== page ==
Many readers of this blog will know that the Egypt Centre is a strong advocate of object-based learning (OBL). Several blog posts have previously highlighted handling sessions delivered to Swansea University students and other audiences. While the COVID-19 Pandemic meant that in-person handing sessions couldn’t take place, since October 2021 these have been able to resume again. This semester is particularly busy as the Egypt Centre works with colleagues in the Faculty of Humanities and Social Sciences at Swansea University. This short blog post will briefly highlight some of the exciting opportunities provided to Swansea University students this semester.
|Fig. 1: Students examining a First Intermediate Period stela (EC148)|
Second-year Egyptology students have had weekly handling sessions as part of a module led by Dr Christian Knoblauch on Egyptian Art and Architecture (CLE220). So far, they have had weeks on sculpture and relief, while the most recent session looked at the art of the Old Kingdom. These handling sessions are directly related to assessment, so the students are always very attentive. Students spend approximately fifteen minutes examining an object before switching to another one (fig. 1). In total, they have the opportunity to examine five to six objects per session. At the end, students are asked to stand next to the object they liked the most, which is always a fun experiment!
|Fig. 2: Students practising conditions reports|
For many years now, Egypt Centre staff have been directly involved in teaching an MA module (CL-M77) called Reaching the Public: Museums and Object Handling. During this module, students explore topics such as museum ethics, education in museums, preventive conservation, and object-based learning. As part of their assessment, students have to undertake a condition report on an unseen object from the collection. Additionally, they are required to select four objects from the collection, based around a common theme of their choice, before delivering a thirty-minute handling session to an audience. In order to prepare the students for these assessments, they have been able to handle objects over the past few weeks (fig. 2). For example, last Monday students were provided with five objects and were asked to utilise all their senses when examining them (fig. 3). They were also introduced to the Visible Thinking Strategy (VTS), which further encourages students to think critically about museum objects.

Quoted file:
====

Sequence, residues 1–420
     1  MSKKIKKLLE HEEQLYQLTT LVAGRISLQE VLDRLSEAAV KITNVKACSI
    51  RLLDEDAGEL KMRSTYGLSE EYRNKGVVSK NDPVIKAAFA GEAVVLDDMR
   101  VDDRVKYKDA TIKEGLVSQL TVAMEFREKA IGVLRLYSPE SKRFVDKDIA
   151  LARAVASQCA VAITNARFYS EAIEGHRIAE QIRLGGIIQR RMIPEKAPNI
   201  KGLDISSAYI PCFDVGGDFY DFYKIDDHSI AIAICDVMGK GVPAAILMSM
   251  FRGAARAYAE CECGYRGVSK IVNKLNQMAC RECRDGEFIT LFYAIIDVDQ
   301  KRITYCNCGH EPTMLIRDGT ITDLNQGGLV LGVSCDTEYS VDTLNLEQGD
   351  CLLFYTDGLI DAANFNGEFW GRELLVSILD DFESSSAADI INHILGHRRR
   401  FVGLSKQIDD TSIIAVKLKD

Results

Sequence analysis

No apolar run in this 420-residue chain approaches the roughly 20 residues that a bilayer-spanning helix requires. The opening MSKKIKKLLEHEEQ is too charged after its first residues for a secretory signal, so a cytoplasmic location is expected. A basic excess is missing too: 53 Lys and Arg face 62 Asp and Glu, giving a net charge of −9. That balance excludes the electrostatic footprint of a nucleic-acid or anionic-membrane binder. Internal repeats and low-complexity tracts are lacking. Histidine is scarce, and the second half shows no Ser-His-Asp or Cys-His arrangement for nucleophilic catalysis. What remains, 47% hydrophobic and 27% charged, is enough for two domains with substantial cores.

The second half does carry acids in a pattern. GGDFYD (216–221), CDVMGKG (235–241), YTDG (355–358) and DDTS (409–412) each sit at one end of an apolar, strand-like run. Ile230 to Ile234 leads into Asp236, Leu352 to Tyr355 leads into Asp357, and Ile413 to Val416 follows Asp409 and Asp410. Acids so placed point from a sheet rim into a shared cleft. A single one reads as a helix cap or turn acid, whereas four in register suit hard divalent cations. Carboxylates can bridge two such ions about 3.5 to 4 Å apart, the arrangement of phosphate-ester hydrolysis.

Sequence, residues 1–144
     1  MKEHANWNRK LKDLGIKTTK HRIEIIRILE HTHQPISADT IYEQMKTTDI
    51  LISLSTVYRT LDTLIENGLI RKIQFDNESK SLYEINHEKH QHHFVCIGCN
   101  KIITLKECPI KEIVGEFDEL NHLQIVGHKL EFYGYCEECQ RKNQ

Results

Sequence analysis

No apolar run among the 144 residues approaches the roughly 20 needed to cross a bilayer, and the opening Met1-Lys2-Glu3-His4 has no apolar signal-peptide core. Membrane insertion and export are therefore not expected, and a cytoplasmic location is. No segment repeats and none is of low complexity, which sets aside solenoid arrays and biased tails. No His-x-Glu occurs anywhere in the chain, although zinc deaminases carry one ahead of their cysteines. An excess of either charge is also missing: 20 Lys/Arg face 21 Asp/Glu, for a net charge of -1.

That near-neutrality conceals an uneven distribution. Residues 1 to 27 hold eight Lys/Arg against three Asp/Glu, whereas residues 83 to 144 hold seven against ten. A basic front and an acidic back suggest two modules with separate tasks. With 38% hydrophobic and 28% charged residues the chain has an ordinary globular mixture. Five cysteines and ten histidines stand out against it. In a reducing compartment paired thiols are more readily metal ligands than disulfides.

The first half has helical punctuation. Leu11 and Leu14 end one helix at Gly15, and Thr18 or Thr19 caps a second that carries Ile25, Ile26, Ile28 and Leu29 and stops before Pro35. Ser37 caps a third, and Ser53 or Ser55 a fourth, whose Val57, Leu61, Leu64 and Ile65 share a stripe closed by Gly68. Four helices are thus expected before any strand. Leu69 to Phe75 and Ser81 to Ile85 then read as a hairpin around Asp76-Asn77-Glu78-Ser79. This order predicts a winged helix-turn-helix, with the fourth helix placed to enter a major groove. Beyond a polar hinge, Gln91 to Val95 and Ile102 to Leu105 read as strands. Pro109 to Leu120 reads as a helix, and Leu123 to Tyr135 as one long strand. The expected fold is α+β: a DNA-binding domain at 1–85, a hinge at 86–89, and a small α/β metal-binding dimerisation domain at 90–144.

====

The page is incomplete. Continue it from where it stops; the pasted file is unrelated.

|Fig. 3: ‘Objects in teaching and learning’ (Flinders University Museum of Art)|
A special project started this year is the Swansea University Pottery Project (SUPP), a collaboration between Dr Christian Knoblauch and I. The aim of this project is to fully document all the pottery in the Egypt Centre collection, including providing detailed descriptions, measurements, classifications, new photography, and eventually drawings. Eleven students, ranging from first-year students right through to PhD level, have been selected to undertake these tasks. The project itself is expected to last for two years, if not more, so while some students will be able to continue with the project in the next academic year, new students will also have the opportunity to join us. This is an extramural project that doesn’t carry any credits or have any assessments, but it is clearly one that the students enjoy immensely since some of them regularly turn up ahead of the time slot so that they can start working on the objects (fig. 4). The project has already been successful so far in identifying some new provenances for some of the vessels, including one from Naqada and another from Meroe. More details about this project will follow in a separate blog post!
|Fig. 4: Bethany closely examining a vessel from Meroe (W742)|
Feedback from students indicates how much they enjoy these sessions and appreciate the opportunity to work directly with the Egypt Centre collection. It’s certainly wonderful to be back offering these sessions in person rather than virtually, as was the case in the last academic year!